Culture Change: A Real Pain in the Mouth?

Added on Feb 27, 2015


New Year

I recently had braces put on as an adult. As I sat there those first couple days with a very sensitive mouth, I couldn’t help but think of the work we do in safety and reliability culture change. It all starts with a great idea. You want to change something. You want to improve your smile, you want to improve your culture. You set forth with a plan! Braces for 9 months! Reliability Culture Implementation in 18 months!

It’s hard at first. You feel tension start to creep in, there’s some pain and some activities that were once easy, get a little harder (like eating anything!). In our work, that might be when the Serious Safety Event Rate (SSER) starts to rise, difficult conversations start occurring, or standing up in front of the hospital board sharing your harm events.

But, you keep at it. In time, it gets a little easier and the pain may subside. Then, it’s time to get that new wire placed (in 6 weeks for me, could be 6 months for you). This may be a turning point in your culture: you start getting tougher on classification, you need to make decisions on resourcing important activities such as safety coaches or expanding your cause analysis program – the pain creeps back in again, but you stick to it – the popular saying goes, “no pain, no gain”.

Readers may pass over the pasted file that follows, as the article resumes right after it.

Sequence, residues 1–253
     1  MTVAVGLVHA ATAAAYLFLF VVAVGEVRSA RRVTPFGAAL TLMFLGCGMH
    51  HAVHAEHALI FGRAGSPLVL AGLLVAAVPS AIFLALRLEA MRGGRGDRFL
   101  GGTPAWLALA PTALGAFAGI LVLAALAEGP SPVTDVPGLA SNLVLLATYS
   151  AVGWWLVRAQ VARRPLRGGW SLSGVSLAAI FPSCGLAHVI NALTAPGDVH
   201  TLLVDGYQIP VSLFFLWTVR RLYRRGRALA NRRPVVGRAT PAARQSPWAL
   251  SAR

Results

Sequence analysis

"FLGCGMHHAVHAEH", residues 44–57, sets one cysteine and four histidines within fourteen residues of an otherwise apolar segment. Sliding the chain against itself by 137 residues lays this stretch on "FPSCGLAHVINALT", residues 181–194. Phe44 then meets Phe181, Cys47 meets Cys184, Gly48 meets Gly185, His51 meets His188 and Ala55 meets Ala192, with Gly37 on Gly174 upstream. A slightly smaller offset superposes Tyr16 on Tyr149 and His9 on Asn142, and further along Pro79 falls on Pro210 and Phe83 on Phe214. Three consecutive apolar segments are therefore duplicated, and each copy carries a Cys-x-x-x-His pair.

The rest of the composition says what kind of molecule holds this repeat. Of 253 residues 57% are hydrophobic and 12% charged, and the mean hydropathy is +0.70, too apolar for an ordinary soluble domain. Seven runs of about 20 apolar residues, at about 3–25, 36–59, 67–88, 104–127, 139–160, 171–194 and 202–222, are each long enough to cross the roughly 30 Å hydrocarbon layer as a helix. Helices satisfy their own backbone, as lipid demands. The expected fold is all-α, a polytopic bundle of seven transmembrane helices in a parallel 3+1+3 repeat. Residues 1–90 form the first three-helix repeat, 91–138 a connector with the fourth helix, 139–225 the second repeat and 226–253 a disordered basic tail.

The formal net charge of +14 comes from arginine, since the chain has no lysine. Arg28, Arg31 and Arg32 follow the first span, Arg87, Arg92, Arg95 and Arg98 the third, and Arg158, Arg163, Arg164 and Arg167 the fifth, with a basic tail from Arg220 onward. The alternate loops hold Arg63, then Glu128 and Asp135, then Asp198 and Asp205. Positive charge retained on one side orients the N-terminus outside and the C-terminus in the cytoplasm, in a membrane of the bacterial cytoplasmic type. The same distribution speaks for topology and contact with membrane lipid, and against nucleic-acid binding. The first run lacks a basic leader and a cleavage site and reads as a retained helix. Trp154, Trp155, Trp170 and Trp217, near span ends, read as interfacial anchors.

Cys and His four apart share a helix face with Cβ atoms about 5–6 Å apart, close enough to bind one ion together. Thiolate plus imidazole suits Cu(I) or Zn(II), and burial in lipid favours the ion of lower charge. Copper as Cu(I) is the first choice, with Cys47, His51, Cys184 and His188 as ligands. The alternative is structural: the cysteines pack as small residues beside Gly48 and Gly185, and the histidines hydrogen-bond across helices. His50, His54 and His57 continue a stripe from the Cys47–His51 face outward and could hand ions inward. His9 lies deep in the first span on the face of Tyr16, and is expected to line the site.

And what about those gains? See, I didn’t mention before that I had braces once when I was 15. I remember the initial pain and the satisfaction the day the braces came off and how beautiful my smile was! However, the reinforcement of wearing my retainer wasn’t performed consistently over time. I wasn’t reliable in the very thing that would sustain my change. Eventually, the retainer no longer fit and my teeth started to move back.

That’s the same thing with our culture work! We have to have strong reinforcement and accountability loops so we don’t lose the gains! Otherwise, our previous pain and discomfort was all for naught. After all, you are improving something much more significant than a smile. You are on a mission to save lives.

Consider these questions:

  • 1. When you imagine the potential beauty of your “safety culture smile”, what do you see? What are the steps you will need to take to get there?
  • 2. When the journey gets painful, what are you going to do to ensure you continue to move forward and not go back to those crooked teeth?